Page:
A son of Hong Kong born immigrant William Lee Kim (李錦興) and his wife Ellen Plowright, George Vincent Lee Kim was born at Grassy Flat, where his father had a market garden, on 12 January 1897. A year later he was baptized into the Church of England by Rev. R. C. M. Kelly at the mission church at the Ironbark Chinese village.
As a teenager Lee Kim joined the army cadets, and by 1914 he was a corporal in the 67th Infantry Regiment in Australia’s part-time pre-war military. George enlisted for active service, with the legal consent of his father, at the age of 19 in July 1916, two months later embarking for England on the troop ship HMAT Shropshire as a private in the 60th Battalion AIF, the unit with which he was to remain throughout the course of the war. Lee Kim arrived in France early in the new year of 1917, and by year’s end had been promoted to corporal after almost 12 months of service in the field. A small glimpse of the horrors that he must have witnessed during the conflict was conveyed in a letter to his mother which was quoted in the Bendigo Advertiser: ‘A bursting shell from the German guns killed Private J. Forrest and another Australian, while Lieutenant Power, formerly of the Bendigo camp, was seriously wounded by fragments of the shell. Private Forrest was killed instantly, and was buried in a military cemetery in France by his old pals. He was one of the best, and was very popular with his comrades.’ The Roll of Honour circular for John Forrest states that he was killed in action on 17 March 1917 at Bullecourt, France.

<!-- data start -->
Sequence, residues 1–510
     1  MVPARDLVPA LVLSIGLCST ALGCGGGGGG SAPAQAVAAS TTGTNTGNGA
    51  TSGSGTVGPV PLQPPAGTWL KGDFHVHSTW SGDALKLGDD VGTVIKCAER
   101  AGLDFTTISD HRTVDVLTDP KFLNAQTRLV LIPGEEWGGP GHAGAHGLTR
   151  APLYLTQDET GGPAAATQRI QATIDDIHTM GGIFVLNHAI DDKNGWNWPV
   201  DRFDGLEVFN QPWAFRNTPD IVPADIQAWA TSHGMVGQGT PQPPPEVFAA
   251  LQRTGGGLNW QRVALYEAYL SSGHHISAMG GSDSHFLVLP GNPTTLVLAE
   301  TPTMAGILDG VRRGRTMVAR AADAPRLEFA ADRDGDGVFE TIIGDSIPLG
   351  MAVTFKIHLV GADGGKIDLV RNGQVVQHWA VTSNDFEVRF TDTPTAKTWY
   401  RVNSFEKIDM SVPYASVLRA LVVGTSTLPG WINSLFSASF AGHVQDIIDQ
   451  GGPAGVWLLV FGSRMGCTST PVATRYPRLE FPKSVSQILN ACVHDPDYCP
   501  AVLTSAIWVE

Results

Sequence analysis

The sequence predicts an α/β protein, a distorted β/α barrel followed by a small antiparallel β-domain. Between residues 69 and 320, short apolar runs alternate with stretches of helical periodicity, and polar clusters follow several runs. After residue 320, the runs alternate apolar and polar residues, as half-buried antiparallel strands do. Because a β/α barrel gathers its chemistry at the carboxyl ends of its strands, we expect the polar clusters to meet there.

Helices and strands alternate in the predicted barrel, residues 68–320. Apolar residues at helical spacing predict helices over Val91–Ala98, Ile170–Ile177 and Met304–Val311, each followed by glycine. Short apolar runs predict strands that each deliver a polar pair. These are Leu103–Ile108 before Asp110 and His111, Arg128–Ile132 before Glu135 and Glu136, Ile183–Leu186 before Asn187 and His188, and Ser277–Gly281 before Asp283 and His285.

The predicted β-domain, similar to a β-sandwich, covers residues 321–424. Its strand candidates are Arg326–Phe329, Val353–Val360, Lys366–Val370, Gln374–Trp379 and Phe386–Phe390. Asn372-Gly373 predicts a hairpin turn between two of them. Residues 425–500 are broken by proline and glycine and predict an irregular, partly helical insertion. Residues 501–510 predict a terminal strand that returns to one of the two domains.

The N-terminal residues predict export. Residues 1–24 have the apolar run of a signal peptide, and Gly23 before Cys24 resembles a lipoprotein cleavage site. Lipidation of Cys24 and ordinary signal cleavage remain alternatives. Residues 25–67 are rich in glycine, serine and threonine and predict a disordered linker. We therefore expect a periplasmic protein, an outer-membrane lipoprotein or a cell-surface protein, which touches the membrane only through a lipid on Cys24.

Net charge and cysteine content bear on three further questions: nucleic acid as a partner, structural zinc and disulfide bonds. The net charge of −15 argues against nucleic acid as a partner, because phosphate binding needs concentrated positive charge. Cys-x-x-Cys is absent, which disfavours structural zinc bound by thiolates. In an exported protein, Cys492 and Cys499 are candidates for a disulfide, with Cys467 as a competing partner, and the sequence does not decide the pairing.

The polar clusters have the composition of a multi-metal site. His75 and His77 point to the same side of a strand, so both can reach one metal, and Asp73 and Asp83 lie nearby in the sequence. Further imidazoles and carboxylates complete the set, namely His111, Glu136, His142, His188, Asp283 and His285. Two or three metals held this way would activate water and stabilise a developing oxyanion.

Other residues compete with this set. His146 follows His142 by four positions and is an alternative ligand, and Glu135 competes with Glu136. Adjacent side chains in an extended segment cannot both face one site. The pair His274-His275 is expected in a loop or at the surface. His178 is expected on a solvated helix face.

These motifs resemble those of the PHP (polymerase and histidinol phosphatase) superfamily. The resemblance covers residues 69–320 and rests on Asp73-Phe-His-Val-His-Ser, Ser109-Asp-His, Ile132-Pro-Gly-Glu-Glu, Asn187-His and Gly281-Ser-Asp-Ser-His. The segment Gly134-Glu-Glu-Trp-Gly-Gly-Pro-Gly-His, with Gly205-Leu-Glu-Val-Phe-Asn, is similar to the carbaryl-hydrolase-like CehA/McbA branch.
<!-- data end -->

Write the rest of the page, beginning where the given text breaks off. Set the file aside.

In the final months of the war his bravery in the field resulted in Lee Kim being awarded the Military Medal. His citation reads: ‘For conspicuous gallantry and devotion to duty during operation on 30th August – 5th September 1918. On 2nd September 1918 near PERONNE when his platoon officer was rendered a casualty, this N.C.O. took charge of the platoon and although badly shaken he set a splendid example by his initiative and bearing in leading the platoon forward to its new position.’
When George Lee Kim settled back into civilian life he resumed work at his father’s Grassy Flat market garden, the ownership of which he took over in the mid-1920s. He married Gerte Powell in 1920. Lee Kim was also involved with the Chinese procession in the Bendigo Easter Fair, escorting the dragon Loong over many decades.
乔治(George Vincent Lee Kim) 1897年1月12日出生在Grassy Flat，从香港移民来的父亲李锦兴在那里拥有一个集市花园。母亲叫Ellen Plowright。一岁时乔治在Ironbark中国村的教会接受了牧师的洗礼。乔治十几岁时加入了军校，1914年在澳大利亚临时战前军队第67步兵团当下士。1916年7月，19岁的乔治在父亲的合法同意下应征服役。两个月后加入到他其后一直归属的帝国部队第60营，踏上了前往英国的舰船。1917年初他来到法国，年底时被提升为下士。Bendigo Advertiser报纸曾引用了他给母亲的一封信，信中不难看出他在战场中亲眼目睹的恐怖场景。 信中道：“德国大炮的炮弹当场炸死了一名士兵Private J. Forrest,另一名曾在Bendigo 营地服役的中尉Power当时也被炮弹碎片严重炸伤。John Private的老战友将他埋葬在了法国的军事公墓，他生前是个很好的人，深受同志们的欢迎。”John Forrest的荣誉名单上写着，1917年3月17日，他在法国Bullecourt阵亡。
乔治在战争最后几个月里英勇奋战，荣获得了军事奖章。军事公报中这样褒奖他：“自1918年8月30日至9月5日期间，他在 执行任务时表现出了非凡的英勇和献身的精神。1918年9月2日在PERONNE附近，当排长受伤时，惊魂未定的他勇敢地率领了这个排继续前进，作为一个未得到授权的军人，他如此勇于担当的大无畏表现为军人树立了一个出色的榜样。”乔治重返平民百姓生活后，又在父亲Grassy Flat的集市花园继续工作。1920年与Gerte Powell结婚。